One of the most frequent questions with which I am assailed by both my fans is this: do you think maps are still relevant in this techno age of GPS and Google Earth? - and if so, why?
I reply [with no hint of bias], "Of course they are!"
An outstanding feature of the age of techno is how easily we humans are seduced into believing wrong stuff about our newly-invented tools (because that's what all these gaudy gimgaws are - just tools, like hammers or stone hand-axes). People once believed that computers would be the end of paper documents. They believed that newspapers would disappear in the face of the internet. They still believe that using a credit card on the internet is dangerous, whereas it's actually the safest place you can use one. People believe that GPS machines are infallibly accurate. They believe that cellphone mast-transmissions will cause babies to be born with four legs, and some even believe that the Chinese are civilized.
|Great for tracking Afrika ...|
GPS stands for "global positioning system" and it relies upon bouncing radio signals off fixed-orbit satellites to "triangulate" or calculate, by fairly simple mathematics, exactly where you are on the planet. There are two types of GPS machines - those that record a track of your movements in relation to the Earth's surface, and those that are pre-loaded with tracks or points so that you can punch in a placename and the machine will [theoretically] direct you to it. It's often supposed to to do this via the shortest route, but don't hold your breathe.
A map, by contrast, is a picture of a part of the Earth's surface that helps you to see one place in relation to another.
I repeat: "that helps you to see one place in relation to another."
In a nutshell, a GPS reader will direct you to a place whose name you already know and which you want to get to. It won't tell you what's on the other side of those mountains. It has a dinky little screen with a teeny-weeny little maplet on it, but it's like looking through a keyhole. A map, on the other hand, is a magnificent sheet of paper filled with information about roads and mountain ranges and towns and places of interest, and you can spread it out on the table and see all these marvellous things at a glance and how they relate to each other.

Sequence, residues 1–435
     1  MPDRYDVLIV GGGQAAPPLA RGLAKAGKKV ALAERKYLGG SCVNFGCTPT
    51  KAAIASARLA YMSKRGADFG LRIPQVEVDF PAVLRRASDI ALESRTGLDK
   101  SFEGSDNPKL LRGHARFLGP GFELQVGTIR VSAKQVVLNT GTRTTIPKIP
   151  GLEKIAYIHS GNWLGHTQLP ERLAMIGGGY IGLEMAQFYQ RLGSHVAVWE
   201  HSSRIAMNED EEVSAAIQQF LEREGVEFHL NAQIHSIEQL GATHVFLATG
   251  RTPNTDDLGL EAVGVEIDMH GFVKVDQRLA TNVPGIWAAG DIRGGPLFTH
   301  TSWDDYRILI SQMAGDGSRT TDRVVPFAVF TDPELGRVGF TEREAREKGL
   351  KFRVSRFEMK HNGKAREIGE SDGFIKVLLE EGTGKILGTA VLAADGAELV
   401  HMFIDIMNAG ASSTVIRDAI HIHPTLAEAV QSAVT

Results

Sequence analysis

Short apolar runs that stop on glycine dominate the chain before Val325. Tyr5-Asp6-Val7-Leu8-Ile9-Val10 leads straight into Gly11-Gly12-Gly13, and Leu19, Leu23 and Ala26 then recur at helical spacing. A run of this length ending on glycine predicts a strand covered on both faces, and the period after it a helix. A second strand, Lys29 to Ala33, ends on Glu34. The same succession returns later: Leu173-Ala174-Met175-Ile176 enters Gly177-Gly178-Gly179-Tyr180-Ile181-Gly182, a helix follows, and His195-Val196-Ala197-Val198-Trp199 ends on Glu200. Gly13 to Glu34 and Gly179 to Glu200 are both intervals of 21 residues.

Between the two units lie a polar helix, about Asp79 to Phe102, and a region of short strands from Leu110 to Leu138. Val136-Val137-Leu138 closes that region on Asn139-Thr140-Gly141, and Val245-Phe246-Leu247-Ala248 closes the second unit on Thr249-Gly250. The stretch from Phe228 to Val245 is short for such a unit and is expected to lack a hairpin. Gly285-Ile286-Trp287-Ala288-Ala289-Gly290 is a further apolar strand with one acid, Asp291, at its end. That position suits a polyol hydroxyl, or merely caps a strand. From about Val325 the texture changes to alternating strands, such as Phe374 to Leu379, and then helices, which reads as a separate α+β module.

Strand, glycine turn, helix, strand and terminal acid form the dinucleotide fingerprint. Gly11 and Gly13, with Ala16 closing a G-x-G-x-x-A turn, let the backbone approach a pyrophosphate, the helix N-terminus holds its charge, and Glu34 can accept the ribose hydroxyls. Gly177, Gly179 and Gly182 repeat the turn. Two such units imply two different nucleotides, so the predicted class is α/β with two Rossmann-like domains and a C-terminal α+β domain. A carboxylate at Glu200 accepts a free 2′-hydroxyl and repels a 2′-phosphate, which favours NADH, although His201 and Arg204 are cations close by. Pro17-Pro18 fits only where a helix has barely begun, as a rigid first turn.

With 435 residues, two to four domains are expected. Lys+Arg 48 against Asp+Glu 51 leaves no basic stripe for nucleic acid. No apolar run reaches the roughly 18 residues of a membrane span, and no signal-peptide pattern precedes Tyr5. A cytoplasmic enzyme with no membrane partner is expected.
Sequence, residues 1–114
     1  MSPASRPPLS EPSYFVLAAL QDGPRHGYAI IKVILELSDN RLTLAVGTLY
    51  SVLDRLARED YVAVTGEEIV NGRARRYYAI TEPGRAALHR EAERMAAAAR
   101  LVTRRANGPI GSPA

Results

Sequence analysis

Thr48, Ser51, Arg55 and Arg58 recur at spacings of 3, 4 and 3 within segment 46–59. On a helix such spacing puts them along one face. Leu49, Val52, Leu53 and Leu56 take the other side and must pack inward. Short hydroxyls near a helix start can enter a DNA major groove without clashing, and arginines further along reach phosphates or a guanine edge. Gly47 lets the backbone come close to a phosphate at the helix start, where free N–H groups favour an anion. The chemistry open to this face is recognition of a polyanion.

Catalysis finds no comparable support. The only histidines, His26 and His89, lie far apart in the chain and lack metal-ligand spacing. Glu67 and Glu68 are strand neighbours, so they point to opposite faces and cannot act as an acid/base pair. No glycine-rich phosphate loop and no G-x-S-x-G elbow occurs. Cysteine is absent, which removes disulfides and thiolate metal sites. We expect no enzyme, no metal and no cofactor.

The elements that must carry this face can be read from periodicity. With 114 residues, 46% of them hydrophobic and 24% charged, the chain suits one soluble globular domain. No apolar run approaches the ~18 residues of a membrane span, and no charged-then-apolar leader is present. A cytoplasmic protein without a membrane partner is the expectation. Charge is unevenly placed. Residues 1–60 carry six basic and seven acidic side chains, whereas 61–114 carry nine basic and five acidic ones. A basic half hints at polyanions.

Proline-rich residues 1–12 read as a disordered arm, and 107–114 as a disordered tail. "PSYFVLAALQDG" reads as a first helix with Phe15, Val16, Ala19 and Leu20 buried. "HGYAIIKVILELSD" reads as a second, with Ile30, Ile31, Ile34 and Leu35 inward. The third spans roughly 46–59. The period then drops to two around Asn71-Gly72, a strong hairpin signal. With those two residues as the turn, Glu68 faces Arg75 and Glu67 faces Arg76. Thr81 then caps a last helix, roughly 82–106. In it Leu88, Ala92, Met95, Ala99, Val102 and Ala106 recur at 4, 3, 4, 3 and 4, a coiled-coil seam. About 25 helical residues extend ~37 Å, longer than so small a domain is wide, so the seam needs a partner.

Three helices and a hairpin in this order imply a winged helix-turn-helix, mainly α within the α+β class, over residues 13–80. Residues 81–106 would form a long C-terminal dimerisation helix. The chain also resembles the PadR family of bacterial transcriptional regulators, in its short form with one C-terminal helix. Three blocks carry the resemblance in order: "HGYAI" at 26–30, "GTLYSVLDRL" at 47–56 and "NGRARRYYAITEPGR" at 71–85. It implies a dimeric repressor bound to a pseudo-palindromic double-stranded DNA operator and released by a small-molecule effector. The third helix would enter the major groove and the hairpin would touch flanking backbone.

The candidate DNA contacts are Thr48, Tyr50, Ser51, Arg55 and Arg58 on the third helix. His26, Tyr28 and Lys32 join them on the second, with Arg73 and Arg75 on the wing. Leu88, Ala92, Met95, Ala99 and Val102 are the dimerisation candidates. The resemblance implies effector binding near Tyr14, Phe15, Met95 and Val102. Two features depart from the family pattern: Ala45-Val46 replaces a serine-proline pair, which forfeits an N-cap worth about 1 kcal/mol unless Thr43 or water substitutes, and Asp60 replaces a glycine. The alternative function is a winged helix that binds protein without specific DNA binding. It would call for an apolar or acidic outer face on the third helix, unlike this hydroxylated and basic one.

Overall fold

|Don't try spreading this out across your table ...|
People forget that, just as maps are only as good as the cartographers who drew them, GPS readers are only as good as the info which a human being pre-loaded into them. They often hold massive amounts of info of which lots and lots is incorrect. Of course it is - they are programmed by humans! They contain massive amounts of data, and they overcome the "error" problem using a simple principle.
It's the same principle that's used for street atlases for large cities. The atlas/GPS assumes that, of the millions of possibilities available, you are only going to use a really small fraction in the lifetime of your atlas or device. If the info is 80 - 90% accurate, your chances of coming across errors are pretty miniscule; your chances of finding more than one error are even smaller, etc etc.
You should also be aware that the global GPS system is getting old and creaky these days - it's all-American in origin, and pretty short on fine detail. Europe is busy developing its Galileo system - the first satellites have already been launched - that will be 20 times more accurate than GPS. Find space in the attic for that old Garmin!
In the end, it's a simple equation. You use GPS to find a known destination; you use a map to explore, to find new, unknown places, to discover the gobsmacking hidden beauties of our wonderful land.
And when you've used your map and discovered those beauties, you can track them and put them on your GPS so that you can find your way back again. Me, I do that by looking out of my car window, not peering at my TomTom. It's much more fun!
Kaartman, 30 Oktober 2011